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Dive Bomber

Dive Bomber(1941)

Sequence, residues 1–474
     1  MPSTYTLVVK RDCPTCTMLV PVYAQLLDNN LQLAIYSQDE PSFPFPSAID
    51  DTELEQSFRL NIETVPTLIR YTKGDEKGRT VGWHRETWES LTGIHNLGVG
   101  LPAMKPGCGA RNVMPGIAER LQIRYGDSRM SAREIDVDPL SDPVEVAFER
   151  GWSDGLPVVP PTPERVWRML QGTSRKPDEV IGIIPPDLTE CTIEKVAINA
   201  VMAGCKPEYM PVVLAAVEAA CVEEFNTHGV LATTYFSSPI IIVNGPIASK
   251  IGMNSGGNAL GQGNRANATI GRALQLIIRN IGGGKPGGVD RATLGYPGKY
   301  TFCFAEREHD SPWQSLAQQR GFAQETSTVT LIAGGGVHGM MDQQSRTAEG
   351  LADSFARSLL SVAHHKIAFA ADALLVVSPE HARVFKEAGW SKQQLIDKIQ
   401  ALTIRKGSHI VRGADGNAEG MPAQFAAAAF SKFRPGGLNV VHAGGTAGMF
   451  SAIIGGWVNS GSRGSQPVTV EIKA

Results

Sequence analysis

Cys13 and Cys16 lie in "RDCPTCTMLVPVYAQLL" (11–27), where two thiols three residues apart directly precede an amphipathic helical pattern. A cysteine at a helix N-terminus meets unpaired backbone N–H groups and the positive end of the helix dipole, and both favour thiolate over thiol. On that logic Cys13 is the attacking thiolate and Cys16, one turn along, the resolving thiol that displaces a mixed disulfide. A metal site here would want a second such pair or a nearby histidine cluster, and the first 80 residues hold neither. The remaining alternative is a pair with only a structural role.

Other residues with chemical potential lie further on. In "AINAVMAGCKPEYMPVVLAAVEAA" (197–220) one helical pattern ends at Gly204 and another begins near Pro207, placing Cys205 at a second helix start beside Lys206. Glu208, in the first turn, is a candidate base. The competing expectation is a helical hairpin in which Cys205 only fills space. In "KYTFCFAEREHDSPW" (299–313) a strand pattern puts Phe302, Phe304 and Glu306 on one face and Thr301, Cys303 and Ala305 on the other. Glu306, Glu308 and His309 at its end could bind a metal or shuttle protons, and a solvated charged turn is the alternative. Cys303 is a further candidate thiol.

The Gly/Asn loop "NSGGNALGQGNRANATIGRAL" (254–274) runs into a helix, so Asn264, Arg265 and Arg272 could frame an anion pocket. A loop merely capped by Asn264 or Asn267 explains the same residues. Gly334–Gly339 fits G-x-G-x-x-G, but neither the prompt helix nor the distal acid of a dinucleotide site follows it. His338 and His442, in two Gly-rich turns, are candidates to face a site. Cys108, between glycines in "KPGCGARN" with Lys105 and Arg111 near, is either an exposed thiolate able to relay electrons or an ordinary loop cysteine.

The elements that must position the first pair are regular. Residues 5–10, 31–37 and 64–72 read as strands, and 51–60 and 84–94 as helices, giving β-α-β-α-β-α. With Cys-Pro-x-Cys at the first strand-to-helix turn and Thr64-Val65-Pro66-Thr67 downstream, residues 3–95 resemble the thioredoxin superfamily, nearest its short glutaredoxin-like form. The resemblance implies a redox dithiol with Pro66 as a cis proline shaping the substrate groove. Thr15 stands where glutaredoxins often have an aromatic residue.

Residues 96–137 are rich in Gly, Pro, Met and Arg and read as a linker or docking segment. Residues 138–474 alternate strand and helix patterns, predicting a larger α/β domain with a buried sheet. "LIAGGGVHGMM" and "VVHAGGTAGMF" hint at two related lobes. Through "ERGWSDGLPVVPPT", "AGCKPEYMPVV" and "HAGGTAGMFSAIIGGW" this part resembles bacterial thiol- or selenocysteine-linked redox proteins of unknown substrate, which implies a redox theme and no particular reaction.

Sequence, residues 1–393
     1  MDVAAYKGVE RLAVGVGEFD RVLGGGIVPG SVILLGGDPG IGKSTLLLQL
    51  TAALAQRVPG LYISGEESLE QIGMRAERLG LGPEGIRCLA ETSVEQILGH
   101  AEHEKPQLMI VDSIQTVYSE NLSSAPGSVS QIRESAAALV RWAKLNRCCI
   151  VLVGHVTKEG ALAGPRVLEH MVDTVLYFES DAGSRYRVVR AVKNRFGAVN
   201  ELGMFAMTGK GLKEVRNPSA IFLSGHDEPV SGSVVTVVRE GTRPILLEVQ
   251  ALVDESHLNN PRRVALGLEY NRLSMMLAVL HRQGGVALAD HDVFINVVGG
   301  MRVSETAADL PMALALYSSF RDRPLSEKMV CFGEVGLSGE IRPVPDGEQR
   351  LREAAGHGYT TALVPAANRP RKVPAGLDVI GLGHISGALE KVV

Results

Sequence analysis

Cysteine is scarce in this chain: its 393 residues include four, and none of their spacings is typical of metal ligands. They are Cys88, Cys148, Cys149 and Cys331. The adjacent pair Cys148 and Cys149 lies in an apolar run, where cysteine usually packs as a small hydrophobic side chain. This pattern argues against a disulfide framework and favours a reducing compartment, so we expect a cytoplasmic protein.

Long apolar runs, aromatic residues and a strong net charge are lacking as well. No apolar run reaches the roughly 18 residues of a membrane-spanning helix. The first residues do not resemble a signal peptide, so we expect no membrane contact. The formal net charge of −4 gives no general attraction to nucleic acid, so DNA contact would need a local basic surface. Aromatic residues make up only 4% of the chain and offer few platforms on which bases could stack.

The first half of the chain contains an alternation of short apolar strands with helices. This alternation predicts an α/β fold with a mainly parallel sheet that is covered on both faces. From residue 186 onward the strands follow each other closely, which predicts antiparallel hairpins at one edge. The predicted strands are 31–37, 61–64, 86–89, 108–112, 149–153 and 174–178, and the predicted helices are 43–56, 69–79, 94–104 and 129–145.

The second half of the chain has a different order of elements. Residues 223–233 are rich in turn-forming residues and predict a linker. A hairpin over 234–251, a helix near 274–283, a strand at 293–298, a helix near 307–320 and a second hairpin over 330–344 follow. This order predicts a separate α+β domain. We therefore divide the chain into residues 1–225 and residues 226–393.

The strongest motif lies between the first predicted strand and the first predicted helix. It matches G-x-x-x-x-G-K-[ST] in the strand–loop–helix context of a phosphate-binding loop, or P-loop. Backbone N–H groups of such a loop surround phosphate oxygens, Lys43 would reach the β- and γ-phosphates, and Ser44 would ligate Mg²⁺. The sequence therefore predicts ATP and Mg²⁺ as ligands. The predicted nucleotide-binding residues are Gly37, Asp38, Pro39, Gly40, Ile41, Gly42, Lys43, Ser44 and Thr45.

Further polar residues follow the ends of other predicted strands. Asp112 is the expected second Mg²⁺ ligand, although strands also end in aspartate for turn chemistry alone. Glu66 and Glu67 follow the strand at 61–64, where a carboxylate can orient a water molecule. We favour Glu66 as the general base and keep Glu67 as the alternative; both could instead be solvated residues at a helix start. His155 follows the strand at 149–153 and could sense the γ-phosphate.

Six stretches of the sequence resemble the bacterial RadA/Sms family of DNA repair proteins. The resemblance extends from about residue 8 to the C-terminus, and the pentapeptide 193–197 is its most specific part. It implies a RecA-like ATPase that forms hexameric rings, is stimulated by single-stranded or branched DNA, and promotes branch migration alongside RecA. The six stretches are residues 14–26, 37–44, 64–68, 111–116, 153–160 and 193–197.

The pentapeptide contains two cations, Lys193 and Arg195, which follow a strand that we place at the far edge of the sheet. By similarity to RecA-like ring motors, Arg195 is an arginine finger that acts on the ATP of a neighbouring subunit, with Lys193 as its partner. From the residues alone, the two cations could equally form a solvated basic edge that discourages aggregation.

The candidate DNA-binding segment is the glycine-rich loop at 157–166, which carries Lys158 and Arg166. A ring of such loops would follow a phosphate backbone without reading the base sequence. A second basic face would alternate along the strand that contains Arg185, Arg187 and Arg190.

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Navy pilots Joe Blake, Swede Larson and Tim Griffin form a tight group whose close friendship is marked by the use of a characteristic cigarette case. When Swede blacks out during a dive over Hawaiian waters and crashes his airplane, naval doctor Doug Lee recommends immediate surgery. The surgery results in Swede's death, earning Doug the enmity of both Joe and Tim. Later, in San Diego, Joe has become a flight instructor. To his dismay, Doug enrolls in the flight surgeon's training program in order experience the problems facing the pilots at first hand. Doug also runs into difficulty with the senior flight surgeon, Lance Rogers, until he learns that Rogers ruined his heart running medical tests on himself and can no longer fly. The two doctors become friends, and after Doug graduates, Rogers requests that he be assigned to the base at San Diego to help him with medical research. Joe volunteers as a test pilot as they experiment with a way to prevent pilots from blacking out during a dive. Doug invents a pneumatic belt which, when inflated, prevents the pilot's blood from leaving his head, and thus the blackout problem is solved. Later, Rogers is faced with the unpleasant task of grounding Tim, who is suffering from pilot fatigue. Because he needs money to support his family, however, Tim disregards Rogers' warning and signs up with the Canadian branch of the Royal Air Force. On a routine flight from San Diego to Vancouver, he crashes and is killed. Now Rogers and Doug begin work on altitude sickness. Because fighter pilots must be able to fly above the enemy in order to attack, they sometimes reach great heights, which cause some pilots to become very ill. After Tim's death, Joe changes his mind about Doug, and the two men work together to develop a pressurized suit which will counteract the adverse effects of high altitudes. They test the suit in a special chamber, but before Joe can take it up for real, Doug realizes that he, too, is suffering from fatigue and grounds him. Determined to see the project through, Joe ignores Doug's orders and takes his plane up. Above 35,000 feet, the oxygen tubes freeze, and Joe crashes but leaves a note to Doug advising him to heat the oxygen. With the trio now dead, Doug picks up the last cigarette case from the site of the crash. Doug and Rogers receive an award for their work, and in a posthumous honor to Joe, Doug flies with a squadron and carries Joe's cigarette case, which he releases into the air.